North-west Scotland held half of the week's Green-winged Teal, with four along the coast between Tain, Highland, and Loch of Strathbeg, Aberdeenshire. Two more were in south-west Ireland (in Co Kerry and Co Cork), with others in Northumberland and on Barra, Outer Hebrides. Three American Wigeon saw birds in Lincolnshire, Perth and Kinross, and Somerset; at least one Garganey continued to reside at Ham Wall RSPB, Somerset, into February.

American Wigeon (right), Ham Wall RSPB, Somerset & Bristol (Ian Curran).

It appears that two King Eider might well be present along the North Sea coast, with birds reported concurrently at Redcar, Cleveland, and Musselburgh, Lothian, on 5th. Apparent borealis Common Eider concerned two off Coul Links, Highland, and one again at Campbeltown, Argyll, and the Black Scoter was reported again off Stag Rocks, Northumberland. Surf Scoter in Britain included at least three in North Wales and two off Embo, Highland.

King Eider (centre), Redcar, Cleveland (Brian Martin).

Northern Eider (centre), Campbeltown Loch, Argyll (Jim Dickson).

Richardson's Cackling Geese are always hot property whenever they venture onto English soil, with the Norfolk bird looking settled in its favoured sugar beet field at Brancaster for much of the week. Another flock of Pink-feet near Weybourne held a gaggle of Tundra Bean Geese and at least one Taiga Bean Goose – providing a unique comparison of this closely-related species trio at close quarters.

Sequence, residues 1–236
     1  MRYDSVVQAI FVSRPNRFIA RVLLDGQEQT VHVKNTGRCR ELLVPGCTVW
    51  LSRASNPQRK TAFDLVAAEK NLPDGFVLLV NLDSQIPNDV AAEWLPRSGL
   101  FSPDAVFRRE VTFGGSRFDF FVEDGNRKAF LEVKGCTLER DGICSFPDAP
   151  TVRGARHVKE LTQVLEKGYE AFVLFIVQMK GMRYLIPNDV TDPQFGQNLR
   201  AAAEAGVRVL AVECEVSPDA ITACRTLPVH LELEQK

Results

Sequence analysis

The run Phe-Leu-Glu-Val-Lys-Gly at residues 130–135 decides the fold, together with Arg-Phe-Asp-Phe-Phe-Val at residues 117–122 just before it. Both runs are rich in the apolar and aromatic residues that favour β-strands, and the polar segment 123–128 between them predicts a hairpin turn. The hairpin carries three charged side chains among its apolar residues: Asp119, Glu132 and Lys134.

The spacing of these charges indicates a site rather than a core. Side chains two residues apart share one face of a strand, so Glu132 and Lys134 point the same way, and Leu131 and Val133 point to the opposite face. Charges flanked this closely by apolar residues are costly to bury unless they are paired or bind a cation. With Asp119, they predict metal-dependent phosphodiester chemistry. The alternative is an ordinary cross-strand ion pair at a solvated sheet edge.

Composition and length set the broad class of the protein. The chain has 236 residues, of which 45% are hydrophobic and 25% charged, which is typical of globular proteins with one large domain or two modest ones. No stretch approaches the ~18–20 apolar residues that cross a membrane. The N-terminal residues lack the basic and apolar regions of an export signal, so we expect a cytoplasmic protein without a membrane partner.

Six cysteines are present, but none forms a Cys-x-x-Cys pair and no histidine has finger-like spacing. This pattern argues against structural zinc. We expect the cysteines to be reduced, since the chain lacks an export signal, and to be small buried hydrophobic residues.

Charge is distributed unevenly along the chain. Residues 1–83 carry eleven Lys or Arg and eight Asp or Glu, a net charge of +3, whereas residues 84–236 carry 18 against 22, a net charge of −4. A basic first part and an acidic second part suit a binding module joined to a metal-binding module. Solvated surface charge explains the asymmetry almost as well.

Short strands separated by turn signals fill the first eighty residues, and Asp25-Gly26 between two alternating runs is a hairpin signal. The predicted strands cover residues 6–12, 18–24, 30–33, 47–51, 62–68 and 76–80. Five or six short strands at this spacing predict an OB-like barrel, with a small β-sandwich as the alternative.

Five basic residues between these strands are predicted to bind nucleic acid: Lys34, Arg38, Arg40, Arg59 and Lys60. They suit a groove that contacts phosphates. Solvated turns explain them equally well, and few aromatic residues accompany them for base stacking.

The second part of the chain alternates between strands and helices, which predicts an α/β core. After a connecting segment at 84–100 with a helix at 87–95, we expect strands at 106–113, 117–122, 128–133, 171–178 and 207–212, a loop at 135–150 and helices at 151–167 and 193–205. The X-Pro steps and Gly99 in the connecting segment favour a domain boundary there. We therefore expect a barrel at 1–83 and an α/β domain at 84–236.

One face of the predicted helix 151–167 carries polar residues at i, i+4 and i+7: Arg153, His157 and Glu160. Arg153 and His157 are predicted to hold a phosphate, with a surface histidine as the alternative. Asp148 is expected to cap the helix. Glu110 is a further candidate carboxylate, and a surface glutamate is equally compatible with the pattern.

Richardson's Cackling Goose (left of centre), Brancaster, Norfolk (Mark Dowie).

Tundra Bean Goose (left), Pink-footed Goose (centre) and Taiga Bean Goose (right), Weybourne, Norfolk (Lee Dutton).

A returning Snow Goose of unknown – but presumably suspect – origin was with Greylag Geese near Thruscross Reservoir, North Yorkshire, on 1-2nd. The week's sole Todd's Canada Goose was in fields near Higher Ballam, Lancashire, on 30th and a probable Grey-bellied Brant was at Cabinteely, Co Dublin, with four Black Brant split between Hampshire, Essex and East Yorkshire. A rare Scottish visitor constituted an Egyptian Goose at Loch of the Lowes, Perth and Kinross, on 5th.

Late January provided a welcome surprise for Durham birders, with a Pallas's Warbler discovered at Newfield sewage works from 31st. Another held on at Swalecliffe, Kent, while Yellow-browed Warblers were at just two locations. Hume's Leaf Warblers remained at both Compton Dando, Somerset, and Dover, Kent; a probable Siberian Lesser Whitethroat was in a Barking, London, garden from 31st.

Hume's Leaf Warbler, Compton Dando, Somerset & Bristol (Nigel Voaden).

The White-throated Sparrow was still visiting a private garden in Northwich, Cheshire, into February, undoubtedly leading to some gnashing of teeth. A Richard's Pipit continued to find horse paddocks at Wyke Regis, Dorset, to its liking too, with the Isabelline Wheatear at Holywell, Cornwall, also reported on a daily basis. The New Forest, Hampshire, Great Grey Shrike remained, as did the two Little Buntings at Cot Valley, Cornwall.

Richard's Pipit, Chickerell, Dorset (Peter Moore).